Max’s mazes |

Max’s mazes

Autumn Phillips
Key points ° Painter Max Damore has been added to the stable of artists at TEI Modern Contemporary Gallery, in the Torian Plum Plaza. ° The gallery is open from 3 to 6 p.m. Wednesday through Sunday and noon to 7 p.m. Saturdays. ° Call 879-2240

Key points ° Painter Max Damore has been added to the stable of artists at TEI Modern Contemporary Gallery, in the Torian Plum Plaza. ° The gallery is open from 3 to 6 p.m. Wednesday through Sunday and noon to 7 p.m. Saturdays. ° Call 879-2240

Max Damore paintings are like mazes that you follow with your eyes. The lines wind around each other and fold into the shapes of figures or scenery. They play across the canvas like musical notes leaving the bell of a horn. They creep across the canvas like a sloth along a branch. They capture the things that Damore sees and hears — a shape, a song, a moment with his wife.

In the painting “Coming Together,” it takes a moment to see the images of two people facing each other among crazy lines.

“I like my paintings to be complex and layered,” he said.

Damore recently was added to the stable of artists at the TEI Modern Contemporary Gallery, joining the company of local artists Robert Dieckhoff, Ben Steiner, Nancy Jeffrey, Rob Williams, Pat Walsh, Susan Schiesser and Beth Banning. He will have his first one-person show in July.

Damore’s neo-cubist style of images dissected and reassembled according to shape and color began to develop in college.

“I took art classes in high school because they were easy,” he said. “I always drew, but there wasn’t any real challenge in drawing things exactly as they were.”

He went to school at Western Michigan University, majoring initially in graphic design. Among his prerequisites was a “dreaded painting class.”

Instead of setting up a still life for her students to paint, Damore’s professor gave him a 30-by-30 inch canvas and told him simply to make a painting.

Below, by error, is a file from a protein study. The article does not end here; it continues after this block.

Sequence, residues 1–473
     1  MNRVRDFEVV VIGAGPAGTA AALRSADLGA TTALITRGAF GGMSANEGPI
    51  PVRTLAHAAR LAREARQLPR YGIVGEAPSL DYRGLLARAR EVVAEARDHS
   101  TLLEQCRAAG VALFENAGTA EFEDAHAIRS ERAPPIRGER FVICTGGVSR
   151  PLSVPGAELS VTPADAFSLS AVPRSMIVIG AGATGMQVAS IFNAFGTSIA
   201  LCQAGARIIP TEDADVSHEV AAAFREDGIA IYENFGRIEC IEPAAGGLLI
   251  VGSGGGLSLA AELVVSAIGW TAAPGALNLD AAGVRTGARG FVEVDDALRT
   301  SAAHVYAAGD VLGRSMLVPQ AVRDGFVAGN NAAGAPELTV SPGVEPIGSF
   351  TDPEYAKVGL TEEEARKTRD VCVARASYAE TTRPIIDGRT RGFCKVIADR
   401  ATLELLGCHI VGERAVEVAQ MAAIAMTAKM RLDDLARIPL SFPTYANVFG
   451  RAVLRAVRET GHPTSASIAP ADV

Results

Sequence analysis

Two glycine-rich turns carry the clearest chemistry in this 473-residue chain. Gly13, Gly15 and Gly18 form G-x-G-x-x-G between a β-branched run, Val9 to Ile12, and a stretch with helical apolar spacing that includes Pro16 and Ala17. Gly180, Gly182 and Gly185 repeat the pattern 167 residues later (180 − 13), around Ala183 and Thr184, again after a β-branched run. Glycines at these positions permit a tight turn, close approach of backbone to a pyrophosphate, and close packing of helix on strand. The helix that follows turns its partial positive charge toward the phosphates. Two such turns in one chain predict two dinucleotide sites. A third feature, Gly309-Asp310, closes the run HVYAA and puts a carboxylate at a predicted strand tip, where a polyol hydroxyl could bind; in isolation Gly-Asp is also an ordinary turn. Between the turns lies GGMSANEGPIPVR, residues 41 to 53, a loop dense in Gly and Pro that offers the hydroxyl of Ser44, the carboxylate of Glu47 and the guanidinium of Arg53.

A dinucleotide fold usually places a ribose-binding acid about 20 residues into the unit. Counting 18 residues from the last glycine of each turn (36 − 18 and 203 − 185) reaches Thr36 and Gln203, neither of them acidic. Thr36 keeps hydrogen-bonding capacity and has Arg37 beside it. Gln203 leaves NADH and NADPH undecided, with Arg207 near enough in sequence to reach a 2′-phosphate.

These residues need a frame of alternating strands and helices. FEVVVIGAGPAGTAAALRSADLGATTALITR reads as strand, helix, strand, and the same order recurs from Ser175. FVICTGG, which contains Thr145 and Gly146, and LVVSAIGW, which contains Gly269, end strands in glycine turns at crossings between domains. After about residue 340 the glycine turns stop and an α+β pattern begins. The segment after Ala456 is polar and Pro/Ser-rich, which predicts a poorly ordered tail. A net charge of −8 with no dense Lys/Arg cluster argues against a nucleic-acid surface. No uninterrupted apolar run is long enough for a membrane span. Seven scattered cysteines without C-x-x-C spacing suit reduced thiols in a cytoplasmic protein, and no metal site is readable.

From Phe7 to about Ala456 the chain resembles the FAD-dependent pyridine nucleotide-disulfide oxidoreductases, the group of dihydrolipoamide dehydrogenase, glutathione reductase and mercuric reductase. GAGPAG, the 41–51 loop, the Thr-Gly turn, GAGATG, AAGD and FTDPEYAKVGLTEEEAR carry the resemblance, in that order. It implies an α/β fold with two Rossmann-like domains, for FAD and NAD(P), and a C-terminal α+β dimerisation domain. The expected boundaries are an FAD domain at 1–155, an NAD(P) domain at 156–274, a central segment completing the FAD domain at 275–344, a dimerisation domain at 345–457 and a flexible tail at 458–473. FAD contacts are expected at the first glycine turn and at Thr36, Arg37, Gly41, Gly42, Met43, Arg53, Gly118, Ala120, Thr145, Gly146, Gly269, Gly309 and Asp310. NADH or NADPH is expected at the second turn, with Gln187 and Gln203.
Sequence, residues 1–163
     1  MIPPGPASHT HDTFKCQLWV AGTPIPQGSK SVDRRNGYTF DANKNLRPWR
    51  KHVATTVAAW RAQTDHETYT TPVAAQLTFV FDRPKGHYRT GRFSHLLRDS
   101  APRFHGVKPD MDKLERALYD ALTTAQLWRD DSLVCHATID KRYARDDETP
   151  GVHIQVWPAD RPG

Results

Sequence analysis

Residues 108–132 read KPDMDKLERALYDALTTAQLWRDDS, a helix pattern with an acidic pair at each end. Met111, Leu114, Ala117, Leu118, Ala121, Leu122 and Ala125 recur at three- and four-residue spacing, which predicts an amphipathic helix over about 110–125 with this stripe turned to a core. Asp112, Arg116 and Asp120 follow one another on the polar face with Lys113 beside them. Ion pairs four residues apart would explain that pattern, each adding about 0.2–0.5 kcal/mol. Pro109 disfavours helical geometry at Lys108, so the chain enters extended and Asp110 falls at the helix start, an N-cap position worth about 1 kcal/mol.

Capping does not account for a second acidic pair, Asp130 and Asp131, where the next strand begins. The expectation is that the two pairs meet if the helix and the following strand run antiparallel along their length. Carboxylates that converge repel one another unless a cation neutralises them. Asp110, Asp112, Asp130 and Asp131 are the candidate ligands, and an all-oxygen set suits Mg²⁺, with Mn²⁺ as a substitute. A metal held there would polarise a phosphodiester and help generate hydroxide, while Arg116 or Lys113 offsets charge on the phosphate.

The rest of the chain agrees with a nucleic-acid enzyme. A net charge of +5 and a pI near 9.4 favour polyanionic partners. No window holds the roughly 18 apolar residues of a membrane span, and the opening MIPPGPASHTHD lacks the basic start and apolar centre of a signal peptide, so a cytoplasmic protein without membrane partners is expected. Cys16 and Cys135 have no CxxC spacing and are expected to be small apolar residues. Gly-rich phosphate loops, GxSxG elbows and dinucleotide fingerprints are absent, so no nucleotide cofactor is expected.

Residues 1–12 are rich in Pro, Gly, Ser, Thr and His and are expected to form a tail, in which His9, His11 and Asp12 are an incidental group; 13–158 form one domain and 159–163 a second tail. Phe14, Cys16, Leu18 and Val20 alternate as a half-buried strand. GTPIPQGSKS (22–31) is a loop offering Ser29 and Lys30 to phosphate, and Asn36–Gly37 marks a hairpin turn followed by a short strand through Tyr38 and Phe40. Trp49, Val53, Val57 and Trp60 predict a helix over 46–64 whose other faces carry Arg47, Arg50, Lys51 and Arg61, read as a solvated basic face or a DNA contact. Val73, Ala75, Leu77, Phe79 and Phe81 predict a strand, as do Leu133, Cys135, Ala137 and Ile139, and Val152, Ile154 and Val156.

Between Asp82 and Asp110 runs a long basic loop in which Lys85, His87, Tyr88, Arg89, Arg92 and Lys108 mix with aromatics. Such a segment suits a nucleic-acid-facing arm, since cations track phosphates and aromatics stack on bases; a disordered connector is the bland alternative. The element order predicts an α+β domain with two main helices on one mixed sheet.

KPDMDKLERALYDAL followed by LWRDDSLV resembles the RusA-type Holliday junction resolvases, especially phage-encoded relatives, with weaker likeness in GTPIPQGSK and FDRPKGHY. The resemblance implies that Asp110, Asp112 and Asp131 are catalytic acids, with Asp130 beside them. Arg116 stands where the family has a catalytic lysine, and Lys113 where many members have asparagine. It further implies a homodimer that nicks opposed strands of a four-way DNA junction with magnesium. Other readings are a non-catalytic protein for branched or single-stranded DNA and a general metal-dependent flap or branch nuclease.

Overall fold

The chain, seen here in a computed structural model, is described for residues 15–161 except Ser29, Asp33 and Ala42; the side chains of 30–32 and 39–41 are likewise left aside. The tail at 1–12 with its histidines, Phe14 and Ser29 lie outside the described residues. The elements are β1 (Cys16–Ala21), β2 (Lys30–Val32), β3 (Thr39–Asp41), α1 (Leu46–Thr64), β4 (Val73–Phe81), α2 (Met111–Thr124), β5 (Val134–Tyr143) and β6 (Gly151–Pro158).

“The canvas was blank,” he said. “It was intimidating.” He took the canvas home and started drawing.

“What I drew was just a doodle, but when I painted it and put color on it, it came to life,” he said. “Right then, I was set free. I realized that maybe this was my voice.

“Everyone is talented somehow, they just have to find what it is.”

Damore has been using the same principles of shape, color and movement in his paintings for 12 years since discovering their potential in that notebook doodle.

But he has learned to incorporate form and meaning into his shapes.

“I try to capture the essence of things. I’m inspired by so many things, like walking by my neighbor’s house and seeing the TV flashing different colors in the window or seeing a shape along the dog path,” he said. “I hear music and I try to capture the sound.

“I heard a song full of noisy music and strange horn sounds, like a carnival, and I tried to think about what kind of musicians would play that music.”

The musicians he created are bulbous and round cheeked, playing in some kind of roiling Mos Eisley background.

“I think you should look at a painting, and it should be visually interesting,” Damore said. “You shouldn’t have to read three pages about it in order to enjoy it.”

Art lovers will recognize Damore’s work from the walls surrounding the entrance of the Mountain Film Festival held at the Steamboat Grand Resort Hotel in the falls of 2003 and 2004. TEI Modern Contemporary is the first gallery to represent Damore’s work.

“I didn’t want to bring out my work until I was ready,” he said. When Damore decided he was ready to start selling his work, he made a trip to Manhattan to visit galleries. He didn’t think there would be a place for him in his town.

Damore found his place at the gallery at the last Mountain Film Festival when TEI’s artistic director Susan Schiesser saw his work.

“I like his work because of its vibrant palette,” Schiesser said. “His work reminds me of the modernists from the ’50s and revisiting that with his color palette makes it fresh in my mind.”

To view more of Damore’s work, visit

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